There are a variety of motives that bring one to the meditative process, but for all of us the journey really begins with the simple steps of calming the mind and collecting our attention. We can never underestimate the value of seeing the mind in its unadulterated state of hurried distraction and unconscious reaction. Without this basic insight into how often we are lost in thought, there will be little motivation to wake up from it. We have to observe before we can begin to understand. This is what Joseph illuminates as “The Gift of Awareness.”
A crucial step comes in re-framing the moment we wake up into, in order to have delight in our return to the moment, rather than judging ourselves for being lost. We then start to truly appreciate the opportunity that arises in coming back to our center. This is the joy in learning to accept the gift that is present moment awareness.
In deepening our practice, we increase the spaciousness necessary for further exploration. We begin to directly experience what it’s like to be us. This is done by moving from an abstract sense of the body to a genuine mindfulness of the actual sensations that we are feeling in any given moment. The shift from the conceptual model to the energetic field is a profound step on the path to conscious development.
With this foundational approach, Joseph offers practical methods for maintaining a continuity of awareness that promotes joyful and sustainable dedication to the practice of mindfulness.
“How we relate to our own bodies can often reveal how we relate to the world”
00:50 – How do we experience the different kinds of knowing and understanding in our practice? Joseph starts at the beginning of the meditative process; calming the mind and giving it an object of meditation. Despite how simple it sounds, it is actually incredibly difficult to accomplish this task without much practice.
05:05 – The wandering mind is the often chaotic activity our minds go through all day long. All that the mind objects, our thoughts and emotions, well up to the surface of our consciousness, but our mind is not going any place. It is not truly wandering. Simply put, these objects are arising in the moment, but we are not aware they are present. The first step of Insight Meditation (Vipassana) is becoming aware of this “wandering” mind.
12:35 – As we practice recognizing the moments of waking up from being lost, by coming back to the breath, slowly the mind becomes more calm and collected. We then begin to experience moments of clarity and stillness. This provides us space to further our awareness of the experience.
16:25 – What is the attitude of our mind in these moments of stillness? What judgments are residing there? In the very moment of asking these questions, the mind lets go of the identification with one’s particular attitude. As we become somewhat less distracted we begin to feel the body in a much more direct way.
19:00 – How do our concepts delude us and obscure our awareness? Joseph conducts a little experiment to help us better understand this question. Bringing to light just how important the continuity of awareness is.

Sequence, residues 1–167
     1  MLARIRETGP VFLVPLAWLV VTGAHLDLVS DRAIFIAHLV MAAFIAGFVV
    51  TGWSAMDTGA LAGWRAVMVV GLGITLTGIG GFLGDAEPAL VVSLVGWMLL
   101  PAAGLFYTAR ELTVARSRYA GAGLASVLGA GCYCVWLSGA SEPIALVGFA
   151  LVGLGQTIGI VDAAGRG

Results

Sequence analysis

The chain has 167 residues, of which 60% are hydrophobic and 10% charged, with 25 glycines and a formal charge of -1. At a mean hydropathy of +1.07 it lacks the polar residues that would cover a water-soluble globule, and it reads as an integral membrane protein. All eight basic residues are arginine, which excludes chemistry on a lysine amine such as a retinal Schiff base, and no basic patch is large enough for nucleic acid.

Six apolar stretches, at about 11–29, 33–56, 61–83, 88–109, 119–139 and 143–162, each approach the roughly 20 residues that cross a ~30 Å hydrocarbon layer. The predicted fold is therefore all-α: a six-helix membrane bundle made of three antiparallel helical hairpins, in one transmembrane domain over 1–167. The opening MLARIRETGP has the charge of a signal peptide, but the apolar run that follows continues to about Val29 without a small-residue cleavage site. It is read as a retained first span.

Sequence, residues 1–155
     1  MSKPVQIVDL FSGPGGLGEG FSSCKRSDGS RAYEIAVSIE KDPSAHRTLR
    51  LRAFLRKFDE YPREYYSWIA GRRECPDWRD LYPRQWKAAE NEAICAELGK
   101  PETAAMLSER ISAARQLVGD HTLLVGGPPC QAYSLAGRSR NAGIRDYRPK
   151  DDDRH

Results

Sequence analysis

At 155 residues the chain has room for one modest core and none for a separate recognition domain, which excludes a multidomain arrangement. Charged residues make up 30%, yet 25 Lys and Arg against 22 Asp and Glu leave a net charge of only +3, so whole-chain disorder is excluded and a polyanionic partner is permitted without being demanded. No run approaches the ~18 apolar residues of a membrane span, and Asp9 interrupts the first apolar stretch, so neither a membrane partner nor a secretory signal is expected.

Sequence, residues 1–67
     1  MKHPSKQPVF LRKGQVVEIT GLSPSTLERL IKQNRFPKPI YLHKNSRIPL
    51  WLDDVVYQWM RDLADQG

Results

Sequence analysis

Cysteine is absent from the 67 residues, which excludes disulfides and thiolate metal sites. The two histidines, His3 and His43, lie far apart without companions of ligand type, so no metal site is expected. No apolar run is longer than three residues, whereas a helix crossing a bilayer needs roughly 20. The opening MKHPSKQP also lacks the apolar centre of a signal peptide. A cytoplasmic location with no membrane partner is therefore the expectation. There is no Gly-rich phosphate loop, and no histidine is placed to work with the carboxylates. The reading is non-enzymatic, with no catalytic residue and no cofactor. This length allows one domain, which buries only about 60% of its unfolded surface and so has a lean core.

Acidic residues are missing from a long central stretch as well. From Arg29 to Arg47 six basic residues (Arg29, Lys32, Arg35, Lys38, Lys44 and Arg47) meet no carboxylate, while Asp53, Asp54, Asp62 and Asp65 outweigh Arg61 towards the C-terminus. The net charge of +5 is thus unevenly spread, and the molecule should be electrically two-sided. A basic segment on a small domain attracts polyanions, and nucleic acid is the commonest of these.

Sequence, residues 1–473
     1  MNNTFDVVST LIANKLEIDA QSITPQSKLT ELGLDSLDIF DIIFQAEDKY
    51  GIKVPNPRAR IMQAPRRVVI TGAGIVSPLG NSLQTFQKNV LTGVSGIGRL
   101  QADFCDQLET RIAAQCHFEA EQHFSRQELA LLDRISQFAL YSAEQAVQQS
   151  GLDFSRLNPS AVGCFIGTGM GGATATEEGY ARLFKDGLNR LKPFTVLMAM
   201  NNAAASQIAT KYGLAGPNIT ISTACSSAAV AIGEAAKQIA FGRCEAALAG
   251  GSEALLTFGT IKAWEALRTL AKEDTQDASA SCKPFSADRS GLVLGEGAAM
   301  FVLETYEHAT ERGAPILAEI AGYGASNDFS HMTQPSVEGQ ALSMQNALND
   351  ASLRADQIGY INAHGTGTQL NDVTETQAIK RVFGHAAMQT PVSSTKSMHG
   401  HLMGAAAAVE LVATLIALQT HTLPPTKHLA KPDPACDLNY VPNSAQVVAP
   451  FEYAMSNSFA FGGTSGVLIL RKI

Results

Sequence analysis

25:00 – Joseph addresses one of the most difficult hurdles of the practice. Physical pain and discomfort are barriers that we must deal with in meditating. We must focus our awareness to this without reaction, though. Learn to discern where that pain is coming from and why it is there within the stillness of meditation.
30:15 – When we bring wisdom to the domain of physical sensations, we begin to notice our relationship to them. We notice that our fear of physical discomfort is one of the most pervasive mental intrusions. So often, we are caught up in the attitude of the mind that we do not recognize that it is there. Struggling in the practice is the perfect signal for letting us know when there is something inside that we are not addressing.
37:40 – Sooner or later we all realize that this practice is not about always feeling pleasant. Our first reaction is often to associate a pleasant experience with good and an uncomfortable experience with bad. However, the real measure of the quality of a meditative practice is the mindfulness you experience. As we continue our practice, we start to see more clearly the habituated patterns and tenancies in our mind. This is the gift of awareness.
42:35 – Joseph shares an insightful story from his early days in the East. It is an interesting lesson on how our minds get caught in patterns of self-judgement and narcissism. We do not invite these thoughts, the thoughts just come to us. Through a growing mindfulness, we can discern the critical difference between getting lost in thought and being aware of the fact that we are thinking.
46:10 – We should not be disturbed by the thinking mind. If you practice to prevent thinking, then you are setting yourself up for a struggle. Thoughts will come and they will come uninvited. Instead, we practice our awareness, so that we become increasingly mindful that we are thinking. Then, it is no problem at all!
50:40 – As we begin to divest ourselves from our thoughts, we are able to directly investigate the nature of our thoughts. We focus so much of our attention to the content of our thoughts and emotions that we are unable to see the true source and nature of them. In the moment that we are aware of a thought, we see that they are nothing. So do not let them hold so much weight on us, and we can truly receive the gift that is our own awareness.